Outgoing Mail



  • Don't know if there is a fix for this one or not, but what I'm trying to do is a work around for consumer hardware that has a very simple email alert system that uses port 25 and sends everything in clear text.  Clearly a recipe for disaster.

    I was wondering if there is a way of having pfsense act like a proxy, take the traffic off the LAN on port 25 and send it out TLS on the appropriate port.  If necessary, it would be fine to change the sender address to something that was configured within pfSense.

    Can this be done?  If so, how?  Thanks.



  • Hikvision camera by any chance?

    I setup a dedicated Ubuntu server virtual machine running postfix on my internal network to act as a mail relay.  It accepts connections on port 25 and sends to gmail via port 587 over TLS so that I can receive email alerts via gmail.  Not that hard to do and there are various tutorials online.  I can share my postfix config if interested.

    I used the following as a guide: https://www.howtoforge.com/tutorial/configure-postfix-to-use-gmail-as-a-mail-relay/



  • It looks like there is a postfix package coming to 2.3, so should be able to do what you are looking for if you don't want to use a different machine.

    https://github.com/pfsense/FreeBSD-ports/pull/23



  • @macboy6:

    It looks like there is a postfix package coming to 2.3, so should be able to do what you are looking for if you don't want to use a different machine.

    https://github.com/pfsense/FreeBSD-ports/pull/23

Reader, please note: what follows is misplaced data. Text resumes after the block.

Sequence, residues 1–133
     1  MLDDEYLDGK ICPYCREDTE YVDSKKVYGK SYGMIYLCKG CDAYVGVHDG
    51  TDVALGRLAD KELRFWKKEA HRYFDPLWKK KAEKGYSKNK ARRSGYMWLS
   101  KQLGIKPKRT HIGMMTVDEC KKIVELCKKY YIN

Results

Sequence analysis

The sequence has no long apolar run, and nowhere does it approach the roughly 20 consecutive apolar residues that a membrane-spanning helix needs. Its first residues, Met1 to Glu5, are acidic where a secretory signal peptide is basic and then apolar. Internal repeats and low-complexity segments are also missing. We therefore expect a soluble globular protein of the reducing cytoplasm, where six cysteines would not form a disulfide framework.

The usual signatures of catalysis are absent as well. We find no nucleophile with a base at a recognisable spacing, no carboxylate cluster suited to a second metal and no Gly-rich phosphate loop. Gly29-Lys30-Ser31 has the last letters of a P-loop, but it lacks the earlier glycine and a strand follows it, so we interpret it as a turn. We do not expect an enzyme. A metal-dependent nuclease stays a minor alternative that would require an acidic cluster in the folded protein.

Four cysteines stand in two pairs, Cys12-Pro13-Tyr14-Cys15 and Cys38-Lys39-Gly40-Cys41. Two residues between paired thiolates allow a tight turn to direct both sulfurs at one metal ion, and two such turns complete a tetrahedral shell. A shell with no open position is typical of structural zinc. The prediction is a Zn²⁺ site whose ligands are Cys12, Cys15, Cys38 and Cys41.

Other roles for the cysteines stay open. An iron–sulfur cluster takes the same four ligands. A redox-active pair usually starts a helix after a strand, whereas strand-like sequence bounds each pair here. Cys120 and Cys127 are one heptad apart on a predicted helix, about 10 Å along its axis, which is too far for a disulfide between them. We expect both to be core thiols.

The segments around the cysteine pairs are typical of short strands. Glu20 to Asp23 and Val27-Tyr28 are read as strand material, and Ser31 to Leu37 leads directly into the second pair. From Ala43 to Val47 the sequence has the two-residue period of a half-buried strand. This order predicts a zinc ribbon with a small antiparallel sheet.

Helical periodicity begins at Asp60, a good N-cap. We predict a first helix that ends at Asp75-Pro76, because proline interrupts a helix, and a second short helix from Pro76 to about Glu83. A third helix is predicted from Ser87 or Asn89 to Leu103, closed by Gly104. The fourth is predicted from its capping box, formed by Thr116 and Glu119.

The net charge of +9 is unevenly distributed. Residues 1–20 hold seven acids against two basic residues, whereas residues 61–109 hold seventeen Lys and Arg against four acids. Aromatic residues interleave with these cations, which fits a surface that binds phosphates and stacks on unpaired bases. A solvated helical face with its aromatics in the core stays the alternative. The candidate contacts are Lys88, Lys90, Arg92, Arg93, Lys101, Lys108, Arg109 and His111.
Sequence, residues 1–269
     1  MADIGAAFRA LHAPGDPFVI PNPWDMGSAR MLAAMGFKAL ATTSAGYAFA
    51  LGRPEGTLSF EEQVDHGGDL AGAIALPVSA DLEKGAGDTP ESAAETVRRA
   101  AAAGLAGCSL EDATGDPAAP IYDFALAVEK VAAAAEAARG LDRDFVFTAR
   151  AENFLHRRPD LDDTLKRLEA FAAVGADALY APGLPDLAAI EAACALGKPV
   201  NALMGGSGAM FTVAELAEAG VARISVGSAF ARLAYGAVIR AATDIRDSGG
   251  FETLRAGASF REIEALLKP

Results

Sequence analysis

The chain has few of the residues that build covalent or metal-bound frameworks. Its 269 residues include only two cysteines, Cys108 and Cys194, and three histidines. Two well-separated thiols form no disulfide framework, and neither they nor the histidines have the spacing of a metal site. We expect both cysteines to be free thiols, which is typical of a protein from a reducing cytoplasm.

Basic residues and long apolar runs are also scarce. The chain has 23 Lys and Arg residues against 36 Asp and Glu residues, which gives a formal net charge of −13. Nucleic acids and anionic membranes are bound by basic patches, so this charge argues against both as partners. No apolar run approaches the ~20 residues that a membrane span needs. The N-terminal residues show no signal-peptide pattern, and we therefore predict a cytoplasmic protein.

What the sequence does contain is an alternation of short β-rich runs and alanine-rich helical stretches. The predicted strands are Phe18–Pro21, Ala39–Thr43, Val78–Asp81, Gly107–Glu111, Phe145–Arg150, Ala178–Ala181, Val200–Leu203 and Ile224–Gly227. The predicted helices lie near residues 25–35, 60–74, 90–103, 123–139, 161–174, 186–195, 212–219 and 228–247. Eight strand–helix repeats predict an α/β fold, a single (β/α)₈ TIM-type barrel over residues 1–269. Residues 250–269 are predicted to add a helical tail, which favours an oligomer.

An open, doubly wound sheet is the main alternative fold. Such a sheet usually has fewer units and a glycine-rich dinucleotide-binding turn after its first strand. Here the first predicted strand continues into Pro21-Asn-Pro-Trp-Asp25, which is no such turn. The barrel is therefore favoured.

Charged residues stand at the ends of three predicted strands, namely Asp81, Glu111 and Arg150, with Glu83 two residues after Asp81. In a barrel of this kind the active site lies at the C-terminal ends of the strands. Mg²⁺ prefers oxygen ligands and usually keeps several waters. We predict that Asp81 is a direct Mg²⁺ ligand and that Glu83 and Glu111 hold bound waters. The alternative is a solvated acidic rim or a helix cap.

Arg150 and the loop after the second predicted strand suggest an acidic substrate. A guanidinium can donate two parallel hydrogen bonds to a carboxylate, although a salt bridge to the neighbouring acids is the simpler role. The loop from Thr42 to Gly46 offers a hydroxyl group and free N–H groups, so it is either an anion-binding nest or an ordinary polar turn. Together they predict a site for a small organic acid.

Unless someone comes up with a better solution, I guess I'll have to wait and give it a shot then.  Don't really want to depend on another box.  If I'm on holiday, the only thing on will likely be the modem, pfsense and any cameras or IoT monitoring devices.

    You are right about a camera, but a different brand… I've played with several, and they pretty much all have mickey mouse mailing systems and questionable security.  I would never expose one to the internet unless I had a protective VPN/firewall in front of it to keep it from getting hacked over.  To be honest, I'm not really sure I trust the manufacturer (China) either.


  • LAYER 8 Netgate

    Don't really want to depend on another box.

    Some things - like MTAs - don't really belong on a firewall.



  • @Derelict:

    Some things - like MTAs - don't really belong on a firewall.

    Sure and do agree on this but then quite a lot of packages like HTTP proxy should be removed or ignored.
    I do share that firewall should, most of the time act firewall only but in some cases, the "all-in-one" concept has some added value, one being to aggregate in one box with one unified graphic interface multiple infrastructure services required for SoHo or even SMB.

    Should pfSense act as such all-in-one box?
    That where pfSense communication and strategy, to me, is not that clear.


  • LAYER 8 Netgate

    I also agree, but some packages, like HA Proxy, might exist so pfSense can function as a proxy OR a firewall. Not necessarily a proxy AND a firewall.

    That is just an example. HA proxy generally runs fine on the firewall though it could certainly be argued it is not the best place for it.

    Just because the packages exist doesn't mean they can all be run at the same time on the same node without issues.


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